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Cuomo pledges $2.5 million to mitigate flooding in Oneida County

Tom Magnarelli
Gov. Andrew Cuomo in Whitesboro on Tuesday.

Heavy rains wreaked havoc on Oneida County about a month ago causing flash floods, power outages and destroying some homes. Gov. Andrew Cuomo visited one area on Tuesday to announce funding that may help prevent flooding in the future.

Standing in front of the Sauquoit Creek in Whitesboro on a hot, sunny day, Cuomo described it as beautiful, tranquil and peaceful. But the creek, like other areas of the county, including Utica, were heavily flooded about a month ago.

“A creek like that, in an extreme weather situation can well up, and become a monster that literally takes lives, I’ve seen it all across the state,” Cuomo said.

Cuomo said the state will spend $2.5 million to deepen and widen the creek for about a mile in length.

“So that the next time we have a heavy downpour, the creek, rather than rising up, will actually collect the water and hold the water for the period of the weather event and stop it from flooding businesses and homes,” Cuomo said. "Creeks can actually become a productive, constructive vehicle as opposed to a dangerous situation."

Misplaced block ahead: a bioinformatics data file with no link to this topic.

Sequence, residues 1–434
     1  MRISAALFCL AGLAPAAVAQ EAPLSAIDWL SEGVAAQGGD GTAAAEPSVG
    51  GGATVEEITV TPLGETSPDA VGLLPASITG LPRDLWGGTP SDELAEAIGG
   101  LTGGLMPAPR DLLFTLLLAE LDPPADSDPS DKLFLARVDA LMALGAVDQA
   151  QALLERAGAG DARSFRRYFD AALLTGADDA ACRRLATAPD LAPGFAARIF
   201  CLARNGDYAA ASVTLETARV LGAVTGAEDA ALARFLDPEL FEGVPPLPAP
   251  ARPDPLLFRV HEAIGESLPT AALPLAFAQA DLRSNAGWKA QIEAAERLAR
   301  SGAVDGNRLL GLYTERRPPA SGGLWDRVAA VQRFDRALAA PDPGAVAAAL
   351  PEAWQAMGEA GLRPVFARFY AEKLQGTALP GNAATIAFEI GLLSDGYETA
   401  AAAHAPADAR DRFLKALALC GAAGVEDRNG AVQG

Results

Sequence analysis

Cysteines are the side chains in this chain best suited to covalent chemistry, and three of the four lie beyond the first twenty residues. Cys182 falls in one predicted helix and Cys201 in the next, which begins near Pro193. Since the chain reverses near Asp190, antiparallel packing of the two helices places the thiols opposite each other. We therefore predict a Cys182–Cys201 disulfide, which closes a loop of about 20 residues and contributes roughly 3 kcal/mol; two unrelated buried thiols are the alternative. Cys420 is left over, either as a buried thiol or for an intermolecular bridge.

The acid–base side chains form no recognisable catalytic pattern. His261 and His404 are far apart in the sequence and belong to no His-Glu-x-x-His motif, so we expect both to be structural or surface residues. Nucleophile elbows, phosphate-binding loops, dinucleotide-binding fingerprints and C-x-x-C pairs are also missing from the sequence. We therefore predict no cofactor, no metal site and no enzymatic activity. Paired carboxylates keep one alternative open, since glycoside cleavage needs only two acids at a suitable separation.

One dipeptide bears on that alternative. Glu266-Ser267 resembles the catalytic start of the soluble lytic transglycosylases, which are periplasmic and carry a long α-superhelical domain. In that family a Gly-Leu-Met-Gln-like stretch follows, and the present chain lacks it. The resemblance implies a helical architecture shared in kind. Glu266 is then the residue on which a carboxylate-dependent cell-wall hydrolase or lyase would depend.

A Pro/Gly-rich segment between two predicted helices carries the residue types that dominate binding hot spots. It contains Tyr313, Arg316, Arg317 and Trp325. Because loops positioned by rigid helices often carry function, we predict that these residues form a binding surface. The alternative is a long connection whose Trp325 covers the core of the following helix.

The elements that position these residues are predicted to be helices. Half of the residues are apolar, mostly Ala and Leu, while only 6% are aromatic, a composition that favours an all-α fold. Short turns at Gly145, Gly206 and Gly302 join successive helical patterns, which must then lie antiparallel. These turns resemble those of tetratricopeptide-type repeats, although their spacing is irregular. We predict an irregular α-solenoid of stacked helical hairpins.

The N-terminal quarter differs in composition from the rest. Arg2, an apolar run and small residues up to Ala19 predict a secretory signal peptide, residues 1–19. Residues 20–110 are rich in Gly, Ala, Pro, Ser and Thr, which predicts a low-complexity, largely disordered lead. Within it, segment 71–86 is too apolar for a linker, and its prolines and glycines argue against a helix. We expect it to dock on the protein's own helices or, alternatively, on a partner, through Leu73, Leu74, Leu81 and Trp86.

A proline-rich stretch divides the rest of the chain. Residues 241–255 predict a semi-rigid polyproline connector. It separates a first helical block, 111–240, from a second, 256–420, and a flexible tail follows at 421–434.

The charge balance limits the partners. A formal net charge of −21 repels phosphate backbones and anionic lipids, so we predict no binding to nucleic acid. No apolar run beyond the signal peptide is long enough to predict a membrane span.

Cuomo said the state is making adjustments to what he calls the new reality of extreme weather that keeps occurring.

"There have been weather events that have been historic and they have happened over and over and over again," Cuomo said. "I can't tell you how many times they've said to me, this is a once in 100-year event, except it happens every six months."

He also pledged funding for additional training for first responders.

Tom Magnarelli is a reporter covering the central New York and Syracuse area. He joined WRVO as a freelance reporter in 2012 while a student at Syracuse University and was hired full time in 2015. He has reported extensively on politics, education, arts and culture and other issues around central New York.